At a glance Carver’s writing style of the “Cathedral” seems simple but after further interpretation of the story one realizes that the “Cathedral” is about the interactions and epiphanies that regular people have that changes their entire life. This idea is perfectly represented at the end of the “Cathedral”, throughout the story the husband knew nothing about blind people and wondered how can they live their life without being able to see. He continually made references to the effect of how can he be married and not be able to see his wife, if she had makeup purple slacks and so on he would never know. At the end of the story the husband became closer to the blind man through the drawing exercise and when he asked him to close his eyes so the husband was able to “see” things as the blind man saw them he realized that being blind wasn’t that bad it was just a different type of life style. Because Carver writes about simple commonplace situations this makes the story more affective to the average person. Topics such as loss and drug and alcohol use are things that almost everyone can relate to because it affects almost everyone’s life in one facet or another.
Because this is the concentration of Carvers story it allows more people enjoy and relate to the stories; this also leaves the story for more personal interpretation. Each person has their own thoughts about drugs, alcohol and loss and because of these feeling the interpretation of the story is left up to the reader. The husband was amazed at the blind mans ability to smoke a cigarette and eat food as well as he was able to. These are all commonplace objects and task that many people would believe that the blind would have trouble with, but this stereotype was quickly done away with once they began to eat and smoke. Carver is defiantly an optimist, he believes in the ability for people to change and be more acceptable of people that are different, and disabled.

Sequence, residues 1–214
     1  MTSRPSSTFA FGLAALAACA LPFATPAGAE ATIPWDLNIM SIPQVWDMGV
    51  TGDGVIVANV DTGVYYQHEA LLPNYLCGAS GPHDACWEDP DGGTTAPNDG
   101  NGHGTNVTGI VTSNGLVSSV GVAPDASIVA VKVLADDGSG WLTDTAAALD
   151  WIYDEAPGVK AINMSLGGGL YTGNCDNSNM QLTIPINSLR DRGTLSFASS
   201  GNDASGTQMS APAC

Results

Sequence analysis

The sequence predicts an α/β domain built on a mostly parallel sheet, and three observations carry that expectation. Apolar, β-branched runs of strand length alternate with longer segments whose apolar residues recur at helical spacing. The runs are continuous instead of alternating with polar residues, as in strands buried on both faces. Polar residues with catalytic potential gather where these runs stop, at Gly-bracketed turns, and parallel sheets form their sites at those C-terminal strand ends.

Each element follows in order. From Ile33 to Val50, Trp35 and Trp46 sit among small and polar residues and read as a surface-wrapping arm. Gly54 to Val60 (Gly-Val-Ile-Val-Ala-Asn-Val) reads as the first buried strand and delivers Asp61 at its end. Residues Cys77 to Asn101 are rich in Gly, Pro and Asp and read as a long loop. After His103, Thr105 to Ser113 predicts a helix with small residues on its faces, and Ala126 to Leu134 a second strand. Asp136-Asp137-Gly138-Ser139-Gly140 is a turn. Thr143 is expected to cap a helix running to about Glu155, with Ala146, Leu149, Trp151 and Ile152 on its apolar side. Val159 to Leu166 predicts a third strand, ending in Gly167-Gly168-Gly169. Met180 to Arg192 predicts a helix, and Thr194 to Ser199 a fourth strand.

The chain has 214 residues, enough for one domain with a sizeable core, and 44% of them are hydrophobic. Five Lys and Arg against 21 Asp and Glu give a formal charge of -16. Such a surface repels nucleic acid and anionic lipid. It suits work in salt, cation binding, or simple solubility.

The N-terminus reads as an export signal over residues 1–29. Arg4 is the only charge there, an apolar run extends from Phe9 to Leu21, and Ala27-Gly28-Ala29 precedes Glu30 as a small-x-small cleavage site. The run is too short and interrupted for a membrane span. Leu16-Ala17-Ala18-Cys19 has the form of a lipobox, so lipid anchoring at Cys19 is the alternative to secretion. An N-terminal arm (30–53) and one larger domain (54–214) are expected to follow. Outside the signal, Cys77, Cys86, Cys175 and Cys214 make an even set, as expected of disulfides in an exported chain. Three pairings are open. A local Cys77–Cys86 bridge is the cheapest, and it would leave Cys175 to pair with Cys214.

The Story of My Life by Helen KellerInspirationThe potency and inspiration of the less-than fortunate never ceases to amaze me. Against physical conditions that would enslave even the strongest of women, Helen Keller challenged her multiple disabilities and became an educated young women in spite of them. Blind and deaf at two, Helen Keller's story of bravery and fortitude and her remarkable ...
This is obvious throughout the story; in the being the husband had many reservations about the blind and his wife interacting with the blind man. The husband’s perception of the blind did a totally one-eighty, this occurred after they drank and smoked together. It seemed that after they became inebriated together a bond formed between them and the husband lost his preconceptions about the blind. Carver believes in the general good nature of people and their ability to change and accept people and their differences..